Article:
Title: Foehn winds: causes and impacts
Speaker: Prof. Ian Renfrew
School of Environmental Sciences, University of East Anglia, Norwich, UK
Date: September 20, 2018 (Thurs)
Time: 10:30 – 12:00
Venue: Center for Computational Sciences, Meeting Room A
The foehn effect is well known as the warming, drying, and cloud clearance experienced on the lee side of mountain ranges during “flow over” conditions. Foehn flows were first described more than a century ago when two mechanisms for this warming effect were postulated. In this talk I will present the direct quantitative contribution of these and other foehn warming mechanisms. Our results suggest a new paradigm is required after it is demonstrated that a third mechanism, mechanical mixing of the foehn flow by turbulence, is significant. In fact, depending on the flow dynamics, any of the three warming mechanisms can dominate. A novel Lagrangian heat budget model, back trajectories, high-resolution numerical model output, and aircraft observations are all employed. The study focuses on a unique natural laboratory namely, the Antarctic Peninsula and Larsen C Ice Shelf. In this area foehn flows are prone to jets, which are relatively cool and moist, and wakes, which are relatively warm and dry, i.e. they have an enhanced foehn effect. These foehn jets are a type of gap wind, so funnelled through gaps (or inlets) in the mountain range. Foehn events can be divided into two types, depending on the non-dimensional mountain height. During a non-linear foehn flow, mountain wave breaking and strong down-slope acceleration leads to strong leeside warming, but a hydraulic jump prevents it being widespread. In contrast during a linear foehn event, there is no hydraulic jump and the foehn warming is widespread. Recent research by colleagues into wintertime foehn events and on the surface energy budget of foehn events will also be discussed.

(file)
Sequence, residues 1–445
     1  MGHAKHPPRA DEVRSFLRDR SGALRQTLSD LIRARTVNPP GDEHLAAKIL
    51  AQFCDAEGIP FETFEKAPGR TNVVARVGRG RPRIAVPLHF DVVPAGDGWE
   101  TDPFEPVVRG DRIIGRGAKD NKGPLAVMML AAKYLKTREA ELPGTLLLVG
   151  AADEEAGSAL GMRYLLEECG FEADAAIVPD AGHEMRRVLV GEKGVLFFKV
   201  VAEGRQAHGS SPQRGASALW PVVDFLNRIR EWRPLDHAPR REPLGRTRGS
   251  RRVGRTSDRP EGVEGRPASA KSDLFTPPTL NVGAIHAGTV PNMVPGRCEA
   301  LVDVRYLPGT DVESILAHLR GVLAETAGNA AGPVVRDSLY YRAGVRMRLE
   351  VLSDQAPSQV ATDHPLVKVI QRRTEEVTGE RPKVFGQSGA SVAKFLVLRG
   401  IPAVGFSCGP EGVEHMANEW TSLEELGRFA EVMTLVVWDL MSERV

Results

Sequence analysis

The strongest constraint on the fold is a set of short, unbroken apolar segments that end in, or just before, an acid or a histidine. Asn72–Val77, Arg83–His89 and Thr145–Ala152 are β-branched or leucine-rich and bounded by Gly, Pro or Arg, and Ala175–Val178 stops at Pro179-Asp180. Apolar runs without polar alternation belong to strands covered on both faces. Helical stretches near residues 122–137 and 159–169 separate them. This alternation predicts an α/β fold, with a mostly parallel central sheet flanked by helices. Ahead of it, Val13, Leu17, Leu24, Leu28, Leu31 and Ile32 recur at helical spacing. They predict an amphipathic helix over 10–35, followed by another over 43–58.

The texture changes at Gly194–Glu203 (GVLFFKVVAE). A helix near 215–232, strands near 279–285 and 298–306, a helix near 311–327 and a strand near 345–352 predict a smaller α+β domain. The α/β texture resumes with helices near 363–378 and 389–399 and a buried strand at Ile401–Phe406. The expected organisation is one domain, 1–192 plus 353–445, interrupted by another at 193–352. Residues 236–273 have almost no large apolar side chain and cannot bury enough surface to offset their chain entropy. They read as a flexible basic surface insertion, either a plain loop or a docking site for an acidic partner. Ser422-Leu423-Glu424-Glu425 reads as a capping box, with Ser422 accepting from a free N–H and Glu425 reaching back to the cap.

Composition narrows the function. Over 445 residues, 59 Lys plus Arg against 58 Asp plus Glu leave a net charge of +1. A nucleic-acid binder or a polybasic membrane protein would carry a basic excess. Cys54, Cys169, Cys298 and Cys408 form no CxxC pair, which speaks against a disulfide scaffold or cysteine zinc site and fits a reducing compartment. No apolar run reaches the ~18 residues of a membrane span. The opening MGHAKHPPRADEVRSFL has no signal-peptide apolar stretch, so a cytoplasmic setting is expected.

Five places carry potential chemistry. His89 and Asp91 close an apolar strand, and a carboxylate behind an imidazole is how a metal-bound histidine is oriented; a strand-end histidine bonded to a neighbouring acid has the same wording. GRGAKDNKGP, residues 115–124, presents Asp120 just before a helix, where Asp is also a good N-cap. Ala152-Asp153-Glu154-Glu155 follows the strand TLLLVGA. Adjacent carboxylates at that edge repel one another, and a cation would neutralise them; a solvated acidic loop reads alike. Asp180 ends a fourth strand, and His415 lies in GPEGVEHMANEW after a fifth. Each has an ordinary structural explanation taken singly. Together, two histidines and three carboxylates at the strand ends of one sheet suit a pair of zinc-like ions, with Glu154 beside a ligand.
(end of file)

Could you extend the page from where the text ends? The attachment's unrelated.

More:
Coordinator :Hiroyuki Kusaka